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Saturday, September 26, 2015

Poppable Rice Krispie treats

I've had 2 disjointed thoughts about these treats that I feel the need to share with you:

1. Sometimes I see a recipe online, and I think to myself "that's brilliant!"  And after a second of berating myself with thoughts of "why didn't I think of that?!," I realize that I'd really like to give the creator of said recipe a giant hug or pat on the back.  Even though I don't know them and they'd probably be freaked out by me doing so, but still.  Latest on the list?  Most recently was Shelly from Cookies & Cups, and her Toasted Marshmallow Rice Krispie Treats (here's the link to mine).  And she did it again with these Krispie Treat Party Bites.

2. I'm not a huge fan of pumpkin anything.  I've decided it's two-fold: I don't like pumpkin pie spices and I don't like pumpkin itself that much, either.  But it's the first few days of cooler weather in New York City, and that screams FALL!! to me.  And to most people, fall means pumpkin spice lattes and pumpkin pie and all those festive pumpkin-y fall treats.  And I wanted to make a fall dessert for the cooler weather, but I wanted to avoid pumpkin.  So I needed to come up with something...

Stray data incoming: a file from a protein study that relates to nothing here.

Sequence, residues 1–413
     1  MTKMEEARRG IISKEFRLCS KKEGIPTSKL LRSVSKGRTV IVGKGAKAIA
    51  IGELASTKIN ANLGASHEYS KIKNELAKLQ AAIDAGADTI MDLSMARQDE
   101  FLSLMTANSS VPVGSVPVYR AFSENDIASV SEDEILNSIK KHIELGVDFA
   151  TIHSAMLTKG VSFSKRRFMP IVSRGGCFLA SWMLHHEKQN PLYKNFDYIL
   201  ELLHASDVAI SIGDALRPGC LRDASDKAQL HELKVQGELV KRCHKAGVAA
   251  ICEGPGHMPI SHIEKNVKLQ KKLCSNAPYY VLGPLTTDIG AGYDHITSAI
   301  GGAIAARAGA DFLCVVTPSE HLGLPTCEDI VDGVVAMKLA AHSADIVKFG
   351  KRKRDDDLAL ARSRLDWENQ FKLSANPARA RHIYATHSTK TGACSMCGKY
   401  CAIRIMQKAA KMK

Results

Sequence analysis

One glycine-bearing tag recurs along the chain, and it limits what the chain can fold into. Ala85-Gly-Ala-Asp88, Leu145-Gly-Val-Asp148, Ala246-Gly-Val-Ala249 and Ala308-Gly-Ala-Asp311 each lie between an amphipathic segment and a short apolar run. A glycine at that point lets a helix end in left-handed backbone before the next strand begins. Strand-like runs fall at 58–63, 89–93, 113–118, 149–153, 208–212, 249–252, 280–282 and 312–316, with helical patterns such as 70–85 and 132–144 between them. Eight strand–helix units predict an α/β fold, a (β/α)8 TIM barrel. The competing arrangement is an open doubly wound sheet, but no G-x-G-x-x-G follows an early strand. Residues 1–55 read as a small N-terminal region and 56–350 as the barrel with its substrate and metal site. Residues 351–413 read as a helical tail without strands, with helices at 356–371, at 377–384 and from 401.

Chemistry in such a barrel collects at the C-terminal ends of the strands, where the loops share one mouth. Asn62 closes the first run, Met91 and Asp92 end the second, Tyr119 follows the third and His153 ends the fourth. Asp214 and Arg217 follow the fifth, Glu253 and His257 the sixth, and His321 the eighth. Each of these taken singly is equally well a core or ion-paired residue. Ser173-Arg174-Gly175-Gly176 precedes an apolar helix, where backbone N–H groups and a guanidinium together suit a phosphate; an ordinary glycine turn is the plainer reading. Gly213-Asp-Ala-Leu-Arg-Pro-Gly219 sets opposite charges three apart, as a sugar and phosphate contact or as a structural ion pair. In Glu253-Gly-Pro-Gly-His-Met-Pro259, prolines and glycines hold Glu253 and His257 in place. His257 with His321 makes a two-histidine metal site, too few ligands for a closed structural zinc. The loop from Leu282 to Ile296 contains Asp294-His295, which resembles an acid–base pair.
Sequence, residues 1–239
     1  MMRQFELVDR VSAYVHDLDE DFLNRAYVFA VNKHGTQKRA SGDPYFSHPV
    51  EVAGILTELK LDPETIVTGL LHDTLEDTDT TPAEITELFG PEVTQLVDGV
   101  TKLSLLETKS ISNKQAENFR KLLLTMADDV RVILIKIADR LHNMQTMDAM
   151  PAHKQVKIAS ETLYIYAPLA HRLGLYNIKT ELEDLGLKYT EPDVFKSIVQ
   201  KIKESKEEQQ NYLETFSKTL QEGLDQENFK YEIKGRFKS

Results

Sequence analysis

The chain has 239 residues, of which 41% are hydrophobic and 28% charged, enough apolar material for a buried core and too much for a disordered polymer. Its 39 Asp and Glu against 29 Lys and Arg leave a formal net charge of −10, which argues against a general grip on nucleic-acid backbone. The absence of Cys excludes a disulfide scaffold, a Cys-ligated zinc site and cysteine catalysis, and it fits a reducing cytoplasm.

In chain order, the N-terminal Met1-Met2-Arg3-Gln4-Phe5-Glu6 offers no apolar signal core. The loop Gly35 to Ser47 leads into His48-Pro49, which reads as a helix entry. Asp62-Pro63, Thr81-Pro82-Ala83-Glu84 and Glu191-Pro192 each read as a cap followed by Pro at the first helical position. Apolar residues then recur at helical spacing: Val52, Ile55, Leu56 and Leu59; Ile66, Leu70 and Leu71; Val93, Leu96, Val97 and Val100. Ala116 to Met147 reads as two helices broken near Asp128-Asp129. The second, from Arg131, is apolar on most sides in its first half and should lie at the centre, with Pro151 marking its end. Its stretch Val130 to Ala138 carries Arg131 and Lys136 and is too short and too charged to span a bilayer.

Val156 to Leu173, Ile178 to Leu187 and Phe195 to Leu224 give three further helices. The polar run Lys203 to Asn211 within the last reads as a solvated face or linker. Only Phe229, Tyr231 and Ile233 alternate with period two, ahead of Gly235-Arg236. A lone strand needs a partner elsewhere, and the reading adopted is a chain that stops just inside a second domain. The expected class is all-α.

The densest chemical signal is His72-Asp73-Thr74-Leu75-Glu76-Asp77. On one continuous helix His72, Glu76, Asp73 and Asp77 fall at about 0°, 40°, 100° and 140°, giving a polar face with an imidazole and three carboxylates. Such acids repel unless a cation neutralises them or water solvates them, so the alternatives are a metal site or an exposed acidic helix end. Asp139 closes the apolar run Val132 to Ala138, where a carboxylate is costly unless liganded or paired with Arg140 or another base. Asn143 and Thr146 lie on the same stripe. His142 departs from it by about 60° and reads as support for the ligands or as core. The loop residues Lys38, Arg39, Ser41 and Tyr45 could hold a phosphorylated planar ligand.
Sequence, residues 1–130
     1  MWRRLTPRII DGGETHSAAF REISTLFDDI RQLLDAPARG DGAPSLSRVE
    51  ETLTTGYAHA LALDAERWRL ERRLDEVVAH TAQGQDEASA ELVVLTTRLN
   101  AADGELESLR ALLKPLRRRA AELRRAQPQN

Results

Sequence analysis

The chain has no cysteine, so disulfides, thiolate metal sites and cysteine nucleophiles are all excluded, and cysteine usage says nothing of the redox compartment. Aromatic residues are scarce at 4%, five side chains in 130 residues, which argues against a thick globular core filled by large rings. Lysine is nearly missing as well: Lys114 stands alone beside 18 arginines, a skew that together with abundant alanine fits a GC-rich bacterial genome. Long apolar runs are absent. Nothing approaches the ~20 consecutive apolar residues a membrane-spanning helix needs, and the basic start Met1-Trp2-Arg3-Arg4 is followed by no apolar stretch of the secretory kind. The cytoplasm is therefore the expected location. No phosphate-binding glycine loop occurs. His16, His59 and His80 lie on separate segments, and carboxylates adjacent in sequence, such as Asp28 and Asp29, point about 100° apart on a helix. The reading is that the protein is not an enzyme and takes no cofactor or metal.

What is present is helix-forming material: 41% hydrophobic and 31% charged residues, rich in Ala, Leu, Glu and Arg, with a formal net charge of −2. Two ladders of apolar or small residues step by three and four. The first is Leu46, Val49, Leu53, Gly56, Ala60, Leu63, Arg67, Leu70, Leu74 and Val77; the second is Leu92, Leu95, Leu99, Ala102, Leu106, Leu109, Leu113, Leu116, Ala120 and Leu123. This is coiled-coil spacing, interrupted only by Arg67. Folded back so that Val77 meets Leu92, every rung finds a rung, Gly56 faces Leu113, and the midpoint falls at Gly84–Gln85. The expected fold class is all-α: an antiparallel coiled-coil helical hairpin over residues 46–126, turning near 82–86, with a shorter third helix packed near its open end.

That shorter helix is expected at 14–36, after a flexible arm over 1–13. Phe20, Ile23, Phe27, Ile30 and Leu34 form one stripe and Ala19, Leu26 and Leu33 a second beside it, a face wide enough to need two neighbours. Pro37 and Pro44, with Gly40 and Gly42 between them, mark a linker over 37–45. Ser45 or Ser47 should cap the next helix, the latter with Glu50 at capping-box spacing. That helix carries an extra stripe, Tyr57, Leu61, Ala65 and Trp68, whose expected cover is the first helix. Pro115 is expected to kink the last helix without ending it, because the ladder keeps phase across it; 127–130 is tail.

And now back to my regularly scheduled post:

Truth be told, I love Rice Krispie Treats.  Not the prepackaged, wrapped in blue foil ones you buy in the store but the tried-and-true homemade variety.  Sometimes, I think it's a waste to take the time to press them into a pan and set, since I think the best part is licking off the spatula!  And while these are a little more time intensive than bars that are pressed into a pan, they're utterly adorable and worth the slight increase in effort!